About 15 years ago, I was working for a big company that wanted to expand into new geography. Competition was fierce. I mean the one on every corner type of fierce. In the city we were targeting, our competitor had literally 50 locations. We were small potatoes compared to this global giant.
So, in preparing the presentation for the expansion to our board of directors, I had been extra, extra thorough – no holds barred:
- Number of locations we’d need in order to compete.The costly marketing blitz it’d take for anyone to even know we existed.
- The true, complete cost of all this expansion, hiring, marketing – everything..
- A realistic estimate of how long it would take for us to become profitable.
- The harsh truth about how long we’d be continuing to invest – several years – before we made a profit.
And I concluded by emphasizing – in the strongest warning possible – our single biggest, flashing-red, total disaster risk:
“Okay board of directors. We have an incredible product, a huge market share in our home territory, the financial means to invest, however:
- If we can’t stomach sustaining this large of an investment…
- If we’ll be stressed out losing money for a few years even though it is planned…
- If we start, and then after we have put all of the herculean effort, spent the money, rallied the troops, we stop short of full execution of this plan….
We will absolutely maximize our loss.
We will have literally thrown our money away.
How Small Business Owner’s Throw Away Money
Turns out, this warning is always true – even for a small business.
When we invest in something, start something, or expand in some way, but then don’t have the stomach, perseverance, or means to see it through, we are maximizing our loss and literally throwing away our money.
And, keep in mind that to spend $1,000, that means you had to first earn $2,500 or more in revenue. So you’re really throwing away even more than you think.
Obviously, as small business owners, we don’t start out with the intention to see how much we can waste. And, I’m actually quite in favor of investing in your business. So, then, how does an investment end up getting thrown away?
Raise your hand if you’ve ever bought a piece of exercise equipment that is now sitting collecting dust. Why did you buy it? You had good intentions. You knew exercise was something you needed and would benefit you. It was a good investment, right?
The question is not whether it was a good investment.
The better question, the question we should be asking ourselves is “what will get me out of bed and onto that elliptical machine every morning even 6 months from now – even when I don’t feel like it.”
The question we should ask ourselves about every business investment is will I see it through? Will I really execute?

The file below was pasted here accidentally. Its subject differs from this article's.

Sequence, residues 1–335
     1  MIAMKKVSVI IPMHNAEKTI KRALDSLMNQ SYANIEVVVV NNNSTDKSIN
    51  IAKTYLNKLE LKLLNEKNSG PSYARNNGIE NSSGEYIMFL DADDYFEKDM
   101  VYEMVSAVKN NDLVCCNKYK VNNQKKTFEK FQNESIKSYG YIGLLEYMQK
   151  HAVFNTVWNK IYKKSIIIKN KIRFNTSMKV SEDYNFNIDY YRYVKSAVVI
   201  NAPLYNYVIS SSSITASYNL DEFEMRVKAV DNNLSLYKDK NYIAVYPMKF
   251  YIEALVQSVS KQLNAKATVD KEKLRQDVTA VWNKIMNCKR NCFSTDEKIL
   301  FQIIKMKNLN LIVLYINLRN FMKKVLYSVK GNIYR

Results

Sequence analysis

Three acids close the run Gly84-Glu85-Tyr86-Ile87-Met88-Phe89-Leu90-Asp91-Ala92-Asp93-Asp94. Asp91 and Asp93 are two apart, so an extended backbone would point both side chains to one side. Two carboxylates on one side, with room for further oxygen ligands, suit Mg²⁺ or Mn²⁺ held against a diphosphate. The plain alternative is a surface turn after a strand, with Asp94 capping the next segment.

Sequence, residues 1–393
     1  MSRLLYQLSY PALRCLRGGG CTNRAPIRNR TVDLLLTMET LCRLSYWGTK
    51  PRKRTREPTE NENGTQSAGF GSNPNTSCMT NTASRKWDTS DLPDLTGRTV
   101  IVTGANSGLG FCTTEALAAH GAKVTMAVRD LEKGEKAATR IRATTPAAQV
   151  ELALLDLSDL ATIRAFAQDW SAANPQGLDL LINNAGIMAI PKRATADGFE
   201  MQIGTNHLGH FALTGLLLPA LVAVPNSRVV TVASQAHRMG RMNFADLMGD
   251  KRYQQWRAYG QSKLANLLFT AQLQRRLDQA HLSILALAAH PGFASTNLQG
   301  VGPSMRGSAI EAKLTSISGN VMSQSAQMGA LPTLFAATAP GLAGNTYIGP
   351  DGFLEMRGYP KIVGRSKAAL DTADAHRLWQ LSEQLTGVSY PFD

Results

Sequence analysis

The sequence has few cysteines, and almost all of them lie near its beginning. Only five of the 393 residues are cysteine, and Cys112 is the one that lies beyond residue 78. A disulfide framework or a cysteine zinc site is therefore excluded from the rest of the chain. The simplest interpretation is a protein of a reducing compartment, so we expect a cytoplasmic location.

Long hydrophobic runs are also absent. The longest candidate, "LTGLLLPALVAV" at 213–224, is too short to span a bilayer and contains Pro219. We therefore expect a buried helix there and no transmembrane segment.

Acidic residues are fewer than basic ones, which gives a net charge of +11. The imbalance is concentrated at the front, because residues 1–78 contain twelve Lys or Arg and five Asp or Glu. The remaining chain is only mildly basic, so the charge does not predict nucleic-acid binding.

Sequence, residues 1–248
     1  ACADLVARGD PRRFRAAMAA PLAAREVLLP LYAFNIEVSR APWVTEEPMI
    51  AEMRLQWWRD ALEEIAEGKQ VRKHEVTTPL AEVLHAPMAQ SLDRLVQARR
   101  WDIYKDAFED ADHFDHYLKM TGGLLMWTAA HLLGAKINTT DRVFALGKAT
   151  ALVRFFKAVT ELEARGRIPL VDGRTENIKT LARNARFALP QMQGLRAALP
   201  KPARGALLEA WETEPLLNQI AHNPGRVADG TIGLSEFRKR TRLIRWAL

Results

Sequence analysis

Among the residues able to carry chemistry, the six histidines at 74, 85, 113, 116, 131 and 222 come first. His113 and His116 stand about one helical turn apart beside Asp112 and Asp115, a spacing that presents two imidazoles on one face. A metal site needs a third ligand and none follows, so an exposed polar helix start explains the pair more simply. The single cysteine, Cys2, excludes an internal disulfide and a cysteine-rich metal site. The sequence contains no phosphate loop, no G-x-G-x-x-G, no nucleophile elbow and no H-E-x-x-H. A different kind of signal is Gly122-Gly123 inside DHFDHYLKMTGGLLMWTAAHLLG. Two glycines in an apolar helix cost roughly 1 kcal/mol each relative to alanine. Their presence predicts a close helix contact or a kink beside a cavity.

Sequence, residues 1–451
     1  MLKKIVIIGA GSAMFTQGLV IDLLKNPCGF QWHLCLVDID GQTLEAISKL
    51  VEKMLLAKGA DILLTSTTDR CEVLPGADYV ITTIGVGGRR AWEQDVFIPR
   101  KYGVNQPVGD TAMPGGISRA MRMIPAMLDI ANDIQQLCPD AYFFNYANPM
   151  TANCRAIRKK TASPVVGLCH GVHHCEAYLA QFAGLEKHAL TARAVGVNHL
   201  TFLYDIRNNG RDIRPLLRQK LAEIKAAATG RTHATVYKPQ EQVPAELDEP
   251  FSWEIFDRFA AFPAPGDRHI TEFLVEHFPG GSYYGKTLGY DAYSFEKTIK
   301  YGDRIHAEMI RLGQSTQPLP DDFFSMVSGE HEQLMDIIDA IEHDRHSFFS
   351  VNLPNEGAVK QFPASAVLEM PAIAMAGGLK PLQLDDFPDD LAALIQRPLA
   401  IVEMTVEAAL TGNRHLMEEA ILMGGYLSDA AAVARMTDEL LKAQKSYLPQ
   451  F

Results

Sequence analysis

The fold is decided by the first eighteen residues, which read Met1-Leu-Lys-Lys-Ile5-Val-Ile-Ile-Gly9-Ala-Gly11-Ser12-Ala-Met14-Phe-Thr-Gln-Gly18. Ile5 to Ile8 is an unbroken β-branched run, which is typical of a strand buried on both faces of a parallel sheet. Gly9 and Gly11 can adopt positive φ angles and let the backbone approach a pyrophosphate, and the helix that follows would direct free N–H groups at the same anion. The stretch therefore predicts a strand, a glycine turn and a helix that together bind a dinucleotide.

3 Ways to Know if You Can, and Will, See it Through
- Sufficient Resources: Often we look at the hard cost of the investment, without looking at “total” cost. Do you have the cash flow to not only invest but also sustain the effort until the return and positive cash flow start to come in?
- Realistic Planning: Develop an “execution plan” before you invest. What specific actions must happen for you to persevere until you get a good return on your investment? Do you have the resources, skills, people, time and energy to do all of these actions?
- Personal GRIT: Even if you have considered the total cost and have mapped out all the actions and feel great about it still, be honest with yourself about your personal level of commitment – and your tolerance for risk. How will you feel 3 months in? Six months in? What will keep you from giving up when it is tough?
What do you need to get you out of bed and onto that stationary bike every morning? Pray about the decision once you have all of the information. If it looks like a good decision on paper, pray that God will give you the personal motivation and perseverance to fully execute on the investment.
Know When to Stop
Even though lack of execution is usually the biggest reason we waste our invested dollars, there are times when it makes sense to stop throwing good money after bad. Only stop if you can look yourself in the mirror and say — we executed fully, we adjusted proactively along the way, but this plan just isn’t working.
Have an objective exit strategy. Compare your performance and execution against the above plans. If you are achieving the results you planned, even if that is to lose money, stay the course.
Decide in advance what it looks like if it is a plan that perfectly executed just isn’t working. Adjust your plans or tweak them to see if you can improve performance.
We all have failures. We just need to make sure it is a true failure – not one we caused by not executing and persevering.